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To think autistic people arent liserned to

(196 Posts)
blueapple123 Thu 18-Jun-20 15:44:35

I would love to hear autistic peoples point of view on this. I feel that in conversations about autism autistic peoples voices are completely ignored. Autistic adults seem to be on the receiving end of nasty comments, often from some parents of children with autism and are ridiculed for giving their opinion on things.Surly things like weather you use person first language etc aren't up to neurotipical people?

OP’s posts: |
blueapple123 Thu 18-Jun-20 15:45:14

sorry for the spelling mistake in the title!

OP’s posts: |
calpolatdawn Thu 18-Jun-20 15:47:38

Absolutely agree, really sidelined in society.

GinDrinker00 Thu 18-Jun-20 15:48:24

YANBU. You’ve been on the autism Facebook groups haven’t you?

ThunderRocket Thu 18-Jun-20 15:52:39

Agreed, often they talk about us but aren't willing to listen to our voices, even though we are often experts on our own condition because we've lived it.

PinkyU Thu 18-Jun-20 15:53:55

I think on the whole, yes autistic people do tend not to be heard when it comes to certain subjects.

I do understand the difficultly when it comes to nuanced language because in general there will always be differing opinions within the community itself (ie autistic person vs person with autism), which then causes confusion for those outwith the community (parents, friends, families, allies etc).

MattBerrysHair Thu 18-Jun-20 16:04:54

Totally agree. I have autism but 'pass' for neurotypical easily. On the odd occasion when I've told someone I can almost see their perception of me change in that instant. They go from treating me as an equal to talking down to me, not really listening to what I have to say or no longer seeking me out for school gate chats. Obviously not everyone has reacted that way, but it is more common than I had anticipated.

After being on a waiting list for 2 years Ds1 received a diagnosis in year 7. His primary school just did not value my opinion and concerns about his difficulties at all, despite the fact I know him better than anyone and have first hand experience of the condition. I don't know for sure if my concerns would have been regarded as being more valid if I had kept my diagnosis to myself, but I suspect so.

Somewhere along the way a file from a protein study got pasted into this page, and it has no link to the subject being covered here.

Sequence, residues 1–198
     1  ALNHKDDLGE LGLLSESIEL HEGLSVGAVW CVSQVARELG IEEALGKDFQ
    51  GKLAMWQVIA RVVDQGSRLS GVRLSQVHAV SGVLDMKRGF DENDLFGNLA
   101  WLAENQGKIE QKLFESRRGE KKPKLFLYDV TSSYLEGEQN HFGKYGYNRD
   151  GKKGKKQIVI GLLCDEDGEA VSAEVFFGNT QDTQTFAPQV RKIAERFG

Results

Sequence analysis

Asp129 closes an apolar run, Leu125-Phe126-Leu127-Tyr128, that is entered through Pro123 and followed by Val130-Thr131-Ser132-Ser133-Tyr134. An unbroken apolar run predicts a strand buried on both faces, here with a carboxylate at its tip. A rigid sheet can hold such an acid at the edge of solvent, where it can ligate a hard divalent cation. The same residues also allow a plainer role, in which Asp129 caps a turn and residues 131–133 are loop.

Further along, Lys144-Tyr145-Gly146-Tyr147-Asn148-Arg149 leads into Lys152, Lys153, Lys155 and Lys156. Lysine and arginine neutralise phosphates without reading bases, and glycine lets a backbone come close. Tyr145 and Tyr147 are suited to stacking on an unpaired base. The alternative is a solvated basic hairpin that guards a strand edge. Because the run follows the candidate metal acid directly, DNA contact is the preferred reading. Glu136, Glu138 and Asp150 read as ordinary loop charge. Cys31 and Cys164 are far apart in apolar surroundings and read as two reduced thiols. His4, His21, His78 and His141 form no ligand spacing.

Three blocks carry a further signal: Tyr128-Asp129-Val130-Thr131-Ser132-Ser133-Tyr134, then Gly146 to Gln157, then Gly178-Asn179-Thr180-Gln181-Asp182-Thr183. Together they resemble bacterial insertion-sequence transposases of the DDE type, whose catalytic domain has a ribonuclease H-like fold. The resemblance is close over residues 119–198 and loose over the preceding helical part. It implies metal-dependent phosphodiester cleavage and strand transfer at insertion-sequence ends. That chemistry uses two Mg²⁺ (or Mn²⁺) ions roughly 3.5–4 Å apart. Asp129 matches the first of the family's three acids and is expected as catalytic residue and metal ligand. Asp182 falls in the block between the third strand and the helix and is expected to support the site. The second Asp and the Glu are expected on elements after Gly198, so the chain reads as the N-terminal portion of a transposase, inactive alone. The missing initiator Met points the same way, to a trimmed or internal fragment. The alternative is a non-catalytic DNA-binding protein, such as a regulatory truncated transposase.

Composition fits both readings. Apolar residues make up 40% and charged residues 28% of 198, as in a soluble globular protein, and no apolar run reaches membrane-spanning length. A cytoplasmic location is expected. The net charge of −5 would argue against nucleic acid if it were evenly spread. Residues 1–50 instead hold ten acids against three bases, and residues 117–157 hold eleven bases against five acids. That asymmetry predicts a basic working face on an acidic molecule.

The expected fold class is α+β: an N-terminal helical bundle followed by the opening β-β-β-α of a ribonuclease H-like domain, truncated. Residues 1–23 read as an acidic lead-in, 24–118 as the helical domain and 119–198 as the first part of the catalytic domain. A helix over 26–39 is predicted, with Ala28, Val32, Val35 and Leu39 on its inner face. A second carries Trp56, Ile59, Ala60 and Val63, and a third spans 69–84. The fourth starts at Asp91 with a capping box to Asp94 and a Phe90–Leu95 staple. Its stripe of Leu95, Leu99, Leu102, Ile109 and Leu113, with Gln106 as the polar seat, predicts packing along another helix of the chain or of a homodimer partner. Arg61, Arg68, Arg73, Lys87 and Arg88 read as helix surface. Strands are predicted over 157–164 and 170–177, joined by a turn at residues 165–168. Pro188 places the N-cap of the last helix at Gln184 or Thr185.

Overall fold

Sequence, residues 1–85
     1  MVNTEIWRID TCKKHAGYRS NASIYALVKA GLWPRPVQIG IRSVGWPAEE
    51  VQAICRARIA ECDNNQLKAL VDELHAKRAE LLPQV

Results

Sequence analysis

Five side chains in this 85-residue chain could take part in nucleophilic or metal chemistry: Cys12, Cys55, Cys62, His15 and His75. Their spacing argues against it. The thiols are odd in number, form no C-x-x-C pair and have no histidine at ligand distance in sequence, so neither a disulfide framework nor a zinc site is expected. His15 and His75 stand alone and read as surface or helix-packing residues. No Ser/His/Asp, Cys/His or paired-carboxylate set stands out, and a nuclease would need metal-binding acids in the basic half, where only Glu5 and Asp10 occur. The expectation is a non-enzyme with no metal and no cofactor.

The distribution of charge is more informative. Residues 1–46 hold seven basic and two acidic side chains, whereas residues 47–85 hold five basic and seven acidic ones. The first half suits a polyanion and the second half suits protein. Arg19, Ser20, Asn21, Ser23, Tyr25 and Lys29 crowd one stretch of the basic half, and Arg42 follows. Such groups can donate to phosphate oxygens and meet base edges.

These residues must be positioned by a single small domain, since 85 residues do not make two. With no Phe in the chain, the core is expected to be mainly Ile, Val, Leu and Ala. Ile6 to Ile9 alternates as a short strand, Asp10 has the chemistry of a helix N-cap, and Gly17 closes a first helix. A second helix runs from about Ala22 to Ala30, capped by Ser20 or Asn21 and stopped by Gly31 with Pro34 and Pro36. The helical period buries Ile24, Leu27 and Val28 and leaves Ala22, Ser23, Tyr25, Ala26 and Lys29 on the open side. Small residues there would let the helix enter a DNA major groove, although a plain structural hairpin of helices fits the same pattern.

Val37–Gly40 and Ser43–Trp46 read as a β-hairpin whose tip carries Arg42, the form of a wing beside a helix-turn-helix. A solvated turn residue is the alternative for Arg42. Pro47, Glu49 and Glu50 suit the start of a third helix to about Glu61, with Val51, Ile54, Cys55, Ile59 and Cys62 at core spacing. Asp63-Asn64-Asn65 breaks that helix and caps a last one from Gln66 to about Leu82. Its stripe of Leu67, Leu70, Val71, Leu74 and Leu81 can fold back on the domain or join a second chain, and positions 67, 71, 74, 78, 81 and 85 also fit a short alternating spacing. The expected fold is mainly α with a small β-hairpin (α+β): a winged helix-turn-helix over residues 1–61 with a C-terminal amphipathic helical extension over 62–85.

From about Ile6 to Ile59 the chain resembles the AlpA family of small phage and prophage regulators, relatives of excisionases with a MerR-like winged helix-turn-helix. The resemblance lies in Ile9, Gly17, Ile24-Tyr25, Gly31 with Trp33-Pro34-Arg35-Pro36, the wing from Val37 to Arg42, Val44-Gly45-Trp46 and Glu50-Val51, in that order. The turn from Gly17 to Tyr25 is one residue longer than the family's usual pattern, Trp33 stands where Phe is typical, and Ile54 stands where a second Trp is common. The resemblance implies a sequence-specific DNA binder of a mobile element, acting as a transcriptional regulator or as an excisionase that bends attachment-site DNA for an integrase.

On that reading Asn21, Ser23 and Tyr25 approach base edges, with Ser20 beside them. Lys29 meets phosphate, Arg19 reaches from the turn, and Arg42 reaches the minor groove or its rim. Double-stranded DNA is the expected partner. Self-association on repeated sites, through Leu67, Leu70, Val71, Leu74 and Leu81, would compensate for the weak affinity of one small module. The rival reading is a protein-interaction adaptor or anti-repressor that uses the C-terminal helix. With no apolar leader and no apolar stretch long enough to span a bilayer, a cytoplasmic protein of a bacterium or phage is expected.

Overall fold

elliejjtiny Thu 18-Jun-20 16:20:12

Yanbu. However I have also noticed that on threads about autism it often ends in an argument between adults who have autism and parents of children with autism. I love my dh and my dc but sometimes it's hard and we get very little help. I do find some (and by no means all) people who have autism get offended when parents of children who have autism say that their lives are hard. We've had to replace a bed, a tv and a dining chair this lockdown due to breakages caused during meltdowns and stimming. We were lucky with the tv that my son is so unco-ordinated as he was throwing something at my head at the time but he missed and hit the tv instead.

MajorMojo Thu 18-Jun-20 16:28:52

What a refreshing thread. I'm undiagnosed, though I have a condition which frequently co-exists with Aspergers. I've been told that I can't have it (ASD) because I'm female!

Nottherealslimshady Thu 18-Jun-20 16:33:41

I agree, many neurotypicals believe their way is the right way and any other way is the wrong way rather than a different way.
Its infuriating and it takes a while to become self-aware and start forcing yourself to stand up for yourself.
We are rarely taken into account in any part our community though, the way shops are designed your whole social expectations of people, all geared towards neurotypicals it's hard and causes serious mental health issues.

Flyingagainstreason Thu 18-Jun-20 16:35:23

I don’t really agree at all.